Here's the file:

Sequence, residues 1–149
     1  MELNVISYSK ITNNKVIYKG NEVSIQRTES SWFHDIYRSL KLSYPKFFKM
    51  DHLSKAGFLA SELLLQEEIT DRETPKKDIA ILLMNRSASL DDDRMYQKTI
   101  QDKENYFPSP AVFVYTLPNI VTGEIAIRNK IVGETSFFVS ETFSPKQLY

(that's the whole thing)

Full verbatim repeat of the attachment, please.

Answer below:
Sequence, residues 1–149
     1  MELNVISYSK ITNNKVIYKG NEVSIQRTES SWFHDIYRSL KLSYPKFFKM
    51  DHLSKAGFLA SELLLQEEIT DRETPKKDIA ILLMNRSASL DDDRMYQKTI
   101  QDKENYFPSP AVFVYTLPNI VTGEIAIRNK IVGETSFFVS ETFSPKQLY